Op-eds like this are a re-run of the same blue-blazered and straight collared argument to funnel tax-payer money from a public good to profit a few as well as weakening the teaching profession while presenting a dignified smile at the same time.

 

The Misguided Narrative Over Differentiated Teacher Pay In North Carolina

“This idea that the school is a harmonious community and that teachers aren’t competing with one another is patently false. Teachers are constantly competing with one another. They want to outdo each other. They want to be a better teacher than the teacher down the hall. That doesn’t mean they’re not going to collaborate.” – Dr. Terry Stoops of the John Locke Foundation.

differentiated pay

The above quote is part of EdNC.org’s coverage of the debate concerning differentiated pay in Newton, NC on October 24th by Liz Bell.

The comment made by Dr. Stoops is more than interesting. It’s more than contradictory. It’s the very epitome of the mindset that is seeking to “reform” public education in North Carolina by undermining the teaching profession.

In fact, it’s (to quote Stoops) “patently false.”

If one looks at Dr. Stoop’s mini bio on the John Locke Foundation website, it mentions that he taught English in a Virginia public school (for 11 months according to LinkedIn) before embarking on a doctoral program and then becoming the Director of Research and Education Policy Studies for the libertarian think tank.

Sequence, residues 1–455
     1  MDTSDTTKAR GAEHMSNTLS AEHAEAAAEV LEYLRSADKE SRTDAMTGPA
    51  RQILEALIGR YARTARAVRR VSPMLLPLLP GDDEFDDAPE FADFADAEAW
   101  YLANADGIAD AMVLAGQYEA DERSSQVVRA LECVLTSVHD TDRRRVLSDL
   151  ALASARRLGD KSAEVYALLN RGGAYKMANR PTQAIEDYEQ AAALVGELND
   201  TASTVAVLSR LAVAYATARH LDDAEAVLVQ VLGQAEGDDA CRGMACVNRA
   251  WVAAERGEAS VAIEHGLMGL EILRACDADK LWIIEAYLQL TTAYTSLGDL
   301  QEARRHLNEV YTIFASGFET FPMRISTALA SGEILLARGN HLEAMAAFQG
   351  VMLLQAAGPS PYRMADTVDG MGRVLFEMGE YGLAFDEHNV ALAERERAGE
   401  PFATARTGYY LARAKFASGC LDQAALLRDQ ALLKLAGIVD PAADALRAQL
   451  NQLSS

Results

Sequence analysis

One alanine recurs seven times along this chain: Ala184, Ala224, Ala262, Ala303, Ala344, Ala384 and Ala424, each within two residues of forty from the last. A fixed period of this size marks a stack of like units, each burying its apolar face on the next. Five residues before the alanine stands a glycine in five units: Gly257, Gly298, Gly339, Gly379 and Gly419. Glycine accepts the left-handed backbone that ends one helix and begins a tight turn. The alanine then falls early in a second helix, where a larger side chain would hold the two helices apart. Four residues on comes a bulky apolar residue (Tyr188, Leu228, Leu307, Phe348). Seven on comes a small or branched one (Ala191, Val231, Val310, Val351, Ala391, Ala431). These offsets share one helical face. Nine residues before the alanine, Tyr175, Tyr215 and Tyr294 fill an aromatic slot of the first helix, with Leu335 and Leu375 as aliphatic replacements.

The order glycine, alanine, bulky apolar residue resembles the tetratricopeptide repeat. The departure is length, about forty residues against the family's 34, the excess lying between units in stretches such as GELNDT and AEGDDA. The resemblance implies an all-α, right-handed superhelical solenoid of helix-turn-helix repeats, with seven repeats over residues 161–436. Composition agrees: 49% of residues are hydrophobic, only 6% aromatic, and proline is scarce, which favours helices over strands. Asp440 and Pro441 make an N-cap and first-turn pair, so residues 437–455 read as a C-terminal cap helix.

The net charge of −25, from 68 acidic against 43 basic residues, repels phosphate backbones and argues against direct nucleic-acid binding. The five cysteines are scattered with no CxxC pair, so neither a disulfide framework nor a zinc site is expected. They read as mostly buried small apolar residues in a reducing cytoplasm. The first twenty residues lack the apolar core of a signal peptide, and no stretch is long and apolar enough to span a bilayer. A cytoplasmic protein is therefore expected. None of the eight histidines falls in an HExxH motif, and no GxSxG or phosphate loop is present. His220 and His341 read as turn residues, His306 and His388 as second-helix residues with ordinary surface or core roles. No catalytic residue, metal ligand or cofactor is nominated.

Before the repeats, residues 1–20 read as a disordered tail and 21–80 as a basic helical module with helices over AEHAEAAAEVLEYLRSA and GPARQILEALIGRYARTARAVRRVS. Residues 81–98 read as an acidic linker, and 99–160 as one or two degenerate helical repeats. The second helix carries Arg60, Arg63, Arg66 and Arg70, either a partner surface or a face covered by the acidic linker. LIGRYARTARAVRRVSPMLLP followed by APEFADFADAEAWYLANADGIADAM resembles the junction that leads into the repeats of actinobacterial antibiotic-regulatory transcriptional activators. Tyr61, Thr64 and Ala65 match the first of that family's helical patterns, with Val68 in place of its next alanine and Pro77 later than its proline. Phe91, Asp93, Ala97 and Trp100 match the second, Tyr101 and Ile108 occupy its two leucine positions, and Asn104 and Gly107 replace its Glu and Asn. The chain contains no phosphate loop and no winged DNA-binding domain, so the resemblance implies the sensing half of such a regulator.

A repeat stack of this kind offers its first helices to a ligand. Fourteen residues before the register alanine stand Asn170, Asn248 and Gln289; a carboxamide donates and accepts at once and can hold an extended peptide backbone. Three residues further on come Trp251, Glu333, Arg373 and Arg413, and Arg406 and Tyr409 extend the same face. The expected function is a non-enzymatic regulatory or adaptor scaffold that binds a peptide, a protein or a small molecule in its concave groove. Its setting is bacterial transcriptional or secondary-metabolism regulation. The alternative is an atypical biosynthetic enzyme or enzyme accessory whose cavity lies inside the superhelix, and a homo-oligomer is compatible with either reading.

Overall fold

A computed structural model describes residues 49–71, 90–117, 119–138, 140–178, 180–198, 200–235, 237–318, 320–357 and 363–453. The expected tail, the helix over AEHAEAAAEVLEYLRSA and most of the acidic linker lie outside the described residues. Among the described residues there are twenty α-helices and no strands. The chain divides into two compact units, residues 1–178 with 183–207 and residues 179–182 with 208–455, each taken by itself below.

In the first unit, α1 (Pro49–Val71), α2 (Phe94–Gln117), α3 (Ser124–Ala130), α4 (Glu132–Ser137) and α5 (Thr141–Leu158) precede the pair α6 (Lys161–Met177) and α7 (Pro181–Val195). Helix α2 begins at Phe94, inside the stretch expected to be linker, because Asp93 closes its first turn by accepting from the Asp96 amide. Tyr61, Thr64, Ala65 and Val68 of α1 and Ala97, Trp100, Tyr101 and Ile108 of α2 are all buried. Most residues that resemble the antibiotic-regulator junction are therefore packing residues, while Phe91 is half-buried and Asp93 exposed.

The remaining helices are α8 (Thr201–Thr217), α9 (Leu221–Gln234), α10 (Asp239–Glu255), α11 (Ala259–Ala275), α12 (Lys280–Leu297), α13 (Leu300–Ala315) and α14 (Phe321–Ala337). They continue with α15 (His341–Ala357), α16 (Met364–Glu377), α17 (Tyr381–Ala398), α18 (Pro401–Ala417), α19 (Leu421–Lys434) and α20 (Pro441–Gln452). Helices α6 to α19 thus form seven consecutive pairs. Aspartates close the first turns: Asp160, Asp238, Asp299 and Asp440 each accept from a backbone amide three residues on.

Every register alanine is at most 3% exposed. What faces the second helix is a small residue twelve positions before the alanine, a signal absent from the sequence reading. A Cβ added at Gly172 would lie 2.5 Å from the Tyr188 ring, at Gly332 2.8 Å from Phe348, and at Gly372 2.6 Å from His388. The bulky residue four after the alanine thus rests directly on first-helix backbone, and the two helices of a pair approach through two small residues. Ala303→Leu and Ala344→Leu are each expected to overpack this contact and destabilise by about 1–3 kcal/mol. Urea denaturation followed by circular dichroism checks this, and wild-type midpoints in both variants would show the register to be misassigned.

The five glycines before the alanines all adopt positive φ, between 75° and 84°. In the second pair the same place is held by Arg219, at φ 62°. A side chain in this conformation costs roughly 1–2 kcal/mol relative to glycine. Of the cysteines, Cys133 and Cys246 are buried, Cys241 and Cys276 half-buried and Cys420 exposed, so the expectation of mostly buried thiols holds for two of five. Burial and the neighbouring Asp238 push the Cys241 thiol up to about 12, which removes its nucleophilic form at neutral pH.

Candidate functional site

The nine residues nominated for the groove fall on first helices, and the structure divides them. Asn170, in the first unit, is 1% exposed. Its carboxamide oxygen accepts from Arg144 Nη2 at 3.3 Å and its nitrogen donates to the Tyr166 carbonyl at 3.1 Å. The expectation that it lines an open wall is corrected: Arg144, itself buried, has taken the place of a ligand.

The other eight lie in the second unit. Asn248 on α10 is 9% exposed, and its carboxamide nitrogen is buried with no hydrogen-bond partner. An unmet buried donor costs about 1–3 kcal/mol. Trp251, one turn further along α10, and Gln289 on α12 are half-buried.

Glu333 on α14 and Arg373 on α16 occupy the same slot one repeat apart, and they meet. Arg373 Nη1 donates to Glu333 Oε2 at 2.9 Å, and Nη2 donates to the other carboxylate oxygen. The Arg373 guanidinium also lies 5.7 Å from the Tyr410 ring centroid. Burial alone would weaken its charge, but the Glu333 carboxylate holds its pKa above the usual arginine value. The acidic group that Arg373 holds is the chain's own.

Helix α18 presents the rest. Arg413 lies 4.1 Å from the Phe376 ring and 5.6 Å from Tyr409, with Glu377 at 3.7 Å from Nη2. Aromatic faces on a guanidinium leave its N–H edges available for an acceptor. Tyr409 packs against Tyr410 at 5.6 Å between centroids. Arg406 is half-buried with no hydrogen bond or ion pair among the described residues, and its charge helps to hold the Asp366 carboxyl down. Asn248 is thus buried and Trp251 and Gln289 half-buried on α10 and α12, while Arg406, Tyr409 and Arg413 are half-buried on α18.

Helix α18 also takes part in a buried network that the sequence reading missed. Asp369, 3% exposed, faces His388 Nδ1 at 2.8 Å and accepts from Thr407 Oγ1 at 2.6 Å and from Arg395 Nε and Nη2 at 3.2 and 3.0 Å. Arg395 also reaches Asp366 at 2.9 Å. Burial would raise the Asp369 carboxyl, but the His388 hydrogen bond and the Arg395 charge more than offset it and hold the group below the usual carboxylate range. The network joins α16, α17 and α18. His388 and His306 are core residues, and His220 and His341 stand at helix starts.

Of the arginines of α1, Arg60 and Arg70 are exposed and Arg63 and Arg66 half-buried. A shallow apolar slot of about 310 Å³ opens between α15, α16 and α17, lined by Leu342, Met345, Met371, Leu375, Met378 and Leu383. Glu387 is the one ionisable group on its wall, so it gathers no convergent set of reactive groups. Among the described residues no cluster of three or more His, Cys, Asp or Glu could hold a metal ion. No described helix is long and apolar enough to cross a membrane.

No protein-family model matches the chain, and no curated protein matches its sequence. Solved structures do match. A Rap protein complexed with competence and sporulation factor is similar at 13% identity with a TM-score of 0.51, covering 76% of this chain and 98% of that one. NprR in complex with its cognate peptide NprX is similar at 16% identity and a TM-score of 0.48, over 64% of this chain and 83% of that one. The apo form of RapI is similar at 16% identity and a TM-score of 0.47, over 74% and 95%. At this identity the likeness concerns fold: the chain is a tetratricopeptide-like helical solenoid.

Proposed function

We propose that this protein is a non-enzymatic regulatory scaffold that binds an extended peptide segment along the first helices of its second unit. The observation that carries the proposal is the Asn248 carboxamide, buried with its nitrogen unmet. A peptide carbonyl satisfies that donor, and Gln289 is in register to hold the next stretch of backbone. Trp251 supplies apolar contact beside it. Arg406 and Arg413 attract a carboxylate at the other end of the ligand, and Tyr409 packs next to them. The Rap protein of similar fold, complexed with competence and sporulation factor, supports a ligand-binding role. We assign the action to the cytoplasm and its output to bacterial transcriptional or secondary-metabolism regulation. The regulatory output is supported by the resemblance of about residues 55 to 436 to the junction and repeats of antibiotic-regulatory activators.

Dr. Stoops is literally paid to be a mouthpiece for JLF. It’s his job to tell people that teachers would rather compete against each other than collaborate. Devoid of the ability to look at education from the classroom perspective, he makes the above comment because it fits the narrative of his employer and aligns with the Art Pope mantra of free market competition even within the realm of a public good protected by the state constitution.

And that year in a classroom does not qualify Dr. Stoops to speak from a teacher’s perspective. Eleven months does not a veteran make; however, in the political terrain that was created by the likes of current GOP stalwarts, it would almost qualify him to be the state school superintendent.

As a veteran teacher, it would be great to say that every school is a harmonious community. But schools are literally fighting forces that are aimed at disrupting them. If anything is causing disharmony in schools, it is not the “competitive” streaks that exist in the teaching force; it is the constant placement of obstacles in the way of schools that teachers have to combat to help students achieve: vouchers, school performance grades, due-process right removal, graduate degree pay removal, constant flux in assessments, too much standardized tests, per-pupil expenditures lowered, charter school growth without regulation, and the list goes on.

And each one of those “initiatives” that are actually obstacles is championed by the very “think-tank” that Dr. Stoops shills for.

Furthermore, all of those obstacles are compounded by the growing income gap experienced by many of the students who attend public schools that the current NC General Assembly is enabling.

As a teacher, I do not compete with other teachers to “outdo” them. My success as a teacher is so dependent on other teachers that to work against them would be to sabotage my own effectiveness. It’s insane to think that I am competing against other teachers when there is not another person in the school with my exact schedule or teaching load who teaches the same students.